Squaring stock to machine

how does everyone square stock to machine?
i usually done worry to much about it. but wondering how i can do this precisely

My wasteboard has 8mm dowel holes in a grid. Because they were machined in place, I can use dowels to align material.


I just put a suitably sized square against the front of the machine or use some parallels to adjust things — for critical things I’ll sacrifice a layer of my spoilboard and machine a pocket to hold the parallels to align against.


The easiest precise approach is to use the machine to make fixtures of features that are square in something firmly attached to the machine. Consequently, the stock will be square if it then is aligned with those fixtures or features.


That is a really great ideal Neil! I think I’m going to do that.

I measured off some backstops and just planted a few fixture pieces but I suspect that just using the machine to do it is a LOT more accurate.

Last time I surfaced my wasteboard I left a small strip about .25in at the far left side… 1st picture.

I then drilled some holes into an aluminum square i had picked up at the store for less than 5 bucks… 2nd picture.

Then used some small nails to hold it down.

I like that it is very slim so I can utilize the bitsetter as long as material is thick than .25in. It also has ruler on both directions so I use this to align things sometimes or for placement of hold downs since i might need one say 13in for zero cause it won’t be cutting there. I can also easily remove it for larger projects and just nail it back into place after.

If you have a threaded spoil board when you get the spoil board made do not secure the spoil board until you jog your machine to the far left and line up your holes with the bit. Then jog the carriage in the X direction to the other side and square up a hole with the bit. Now you have to go back over to the left side and check that you did not move that side when you aligned the right side. You may have to job back and forth several times but this will ensure your threaded spoil board is square with your spindle. Now you can secure your spoil board. I drill a quarter inch hole through the spoil board and into the base board. I do this in the four corners. Then remove your spoil board and use the quarter inch hole as a reference and drill a hole large enough to put a brass threaded insert in your base board in the 4 locations. Then place your spoil board on the base and secure with 3 1/4-20 bolts and on the 4th hole use a hand reamer to make a counter sink hole in the spoil board to insert a 1/4-20 flat head bolt. After the first corner is secure move to the other 3 holes and one at a time make the counter sink and place a 1/4-20 flat head screw. When done you have the spoil board held down in the four corners. Make sure your counter sunk holes are deep enough so you can surface your spoil board and not hit the flat head bolts with the surfacing bit.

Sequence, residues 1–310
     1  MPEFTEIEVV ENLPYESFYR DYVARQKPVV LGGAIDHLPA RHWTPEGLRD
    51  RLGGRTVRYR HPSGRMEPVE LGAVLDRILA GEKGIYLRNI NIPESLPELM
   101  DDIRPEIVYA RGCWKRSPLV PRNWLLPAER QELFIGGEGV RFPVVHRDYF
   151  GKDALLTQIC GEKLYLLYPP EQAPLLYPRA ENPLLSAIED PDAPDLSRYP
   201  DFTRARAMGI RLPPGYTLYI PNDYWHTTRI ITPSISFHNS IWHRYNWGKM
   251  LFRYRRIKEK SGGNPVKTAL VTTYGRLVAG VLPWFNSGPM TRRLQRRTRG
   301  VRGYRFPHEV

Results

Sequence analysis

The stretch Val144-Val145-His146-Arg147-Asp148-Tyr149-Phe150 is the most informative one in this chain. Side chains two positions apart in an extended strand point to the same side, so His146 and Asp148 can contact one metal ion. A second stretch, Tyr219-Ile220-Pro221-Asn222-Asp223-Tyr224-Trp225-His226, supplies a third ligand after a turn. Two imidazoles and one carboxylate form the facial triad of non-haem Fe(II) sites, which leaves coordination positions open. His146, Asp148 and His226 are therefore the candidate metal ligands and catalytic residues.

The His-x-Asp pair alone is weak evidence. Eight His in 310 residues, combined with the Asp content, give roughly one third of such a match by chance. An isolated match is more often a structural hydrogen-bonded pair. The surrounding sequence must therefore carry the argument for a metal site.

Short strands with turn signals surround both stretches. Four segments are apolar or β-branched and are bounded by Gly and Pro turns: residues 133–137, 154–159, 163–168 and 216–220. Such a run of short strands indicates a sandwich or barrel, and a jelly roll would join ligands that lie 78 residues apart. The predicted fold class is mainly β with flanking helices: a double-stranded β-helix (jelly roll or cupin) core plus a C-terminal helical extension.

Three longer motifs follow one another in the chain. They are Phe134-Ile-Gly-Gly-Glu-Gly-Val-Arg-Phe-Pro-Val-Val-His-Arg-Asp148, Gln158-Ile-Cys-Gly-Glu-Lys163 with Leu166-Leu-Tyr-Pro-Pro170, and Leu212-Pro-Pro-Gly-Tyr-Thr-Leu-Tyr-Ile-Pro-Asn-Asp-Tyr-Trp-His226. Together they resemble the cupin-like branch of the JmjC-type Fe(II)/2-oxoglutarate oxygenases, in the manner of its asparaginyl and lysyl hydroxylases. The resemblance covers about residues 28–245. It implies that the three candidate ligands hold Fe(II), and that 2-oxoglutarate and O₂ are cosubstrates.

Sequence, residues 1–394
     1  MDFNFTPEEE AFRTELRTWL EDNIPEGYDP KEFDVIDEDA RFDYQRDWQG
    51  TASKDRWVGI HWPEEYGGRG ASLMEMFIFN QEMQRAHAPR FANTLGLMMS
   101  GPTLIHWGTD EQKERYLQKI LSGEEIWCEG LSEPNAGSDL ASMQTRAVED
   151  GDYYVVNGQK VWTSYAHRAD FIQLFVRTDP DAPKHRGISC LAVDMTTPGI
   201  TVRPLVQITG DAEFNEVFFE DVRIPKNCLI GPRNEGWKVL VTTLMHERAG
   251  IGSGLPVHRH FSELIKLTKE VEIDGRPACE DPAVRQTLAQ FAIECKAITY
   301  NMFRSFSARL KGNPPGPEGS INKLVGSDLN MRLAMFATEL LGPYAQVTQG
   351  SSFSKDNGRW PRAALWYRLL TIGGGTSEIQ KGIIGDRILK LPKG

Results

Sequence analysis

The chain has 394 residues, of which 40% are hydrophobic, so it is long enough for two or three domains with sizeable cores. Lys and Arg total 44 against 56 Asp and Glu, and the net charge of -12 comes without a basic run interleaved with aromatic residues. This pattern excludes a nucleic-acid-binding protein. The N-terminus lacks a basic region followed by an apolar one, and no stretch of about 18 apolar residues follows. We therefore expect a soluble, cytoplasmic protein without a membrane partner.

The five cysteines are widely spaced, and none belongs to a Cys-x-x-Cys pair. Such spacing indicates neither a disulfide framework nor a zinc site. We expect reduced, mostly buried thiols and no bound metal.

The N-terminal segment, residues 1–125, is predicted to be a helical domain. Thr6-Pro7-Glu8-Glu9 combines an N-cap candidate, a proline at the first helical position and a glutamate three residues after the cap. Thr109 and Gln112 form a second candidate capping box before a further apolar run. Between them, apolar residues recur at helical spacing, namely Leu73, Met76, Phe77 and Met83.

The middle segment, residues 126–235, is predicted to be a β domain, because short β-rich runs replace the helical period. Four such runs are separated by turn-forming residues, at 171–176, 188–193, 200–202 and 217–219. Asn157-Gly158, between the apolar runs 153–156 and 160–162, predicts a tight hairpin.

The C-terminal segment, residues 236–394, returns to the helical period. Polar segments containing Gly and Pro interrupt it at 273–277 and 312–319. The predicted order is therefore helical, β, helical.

These instructions seem a little long but it is a one time deal and your spoil board will be square with your router. When you use fixtures on the threaded spoil board there is usually a little slop so you can use the router to square them up before bolting them down.

I have a extruding bed on my XXL, but the same can be done for t-track or threaded inserts. I use Gator clamps upside down and backwards. I butt them up to an endmill or tooling pin in the collet and just travel along an axis. That way they’re always perpendicular to an axis.

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I created a “perfectly aligned” corner bracket in a very simple manner without having to measure anything.

I have the old MW spoilboard with the 100 T-Nuts in a grid. So i used the C2D from the spoilboard to position an “L” of recessed holes that line up with the spoilboard TNuts. Then I drew two right angle lines to make up the L.

The trick to getting the L to line perfectly to the gantries was to create two separate sets of toolpaths that I could run at different times.

First, I clamped some rectangular stock down to my board and ran a job that cuts the holes and recesses. This leaves me with a rectangle that has an “L” of holes that are spaced just like my spoilboard.

Then, I used those holes to fasten the rectangle to the spoilboard and then ran the job that cuts the “L” out of the rectangle. In this way, the L is cut as a right angle by the gantry, which guarantees that the L is what the XXL thinks a right angle looks like.

That’s it…the corner bracket is perfectly aligned to the gantries.

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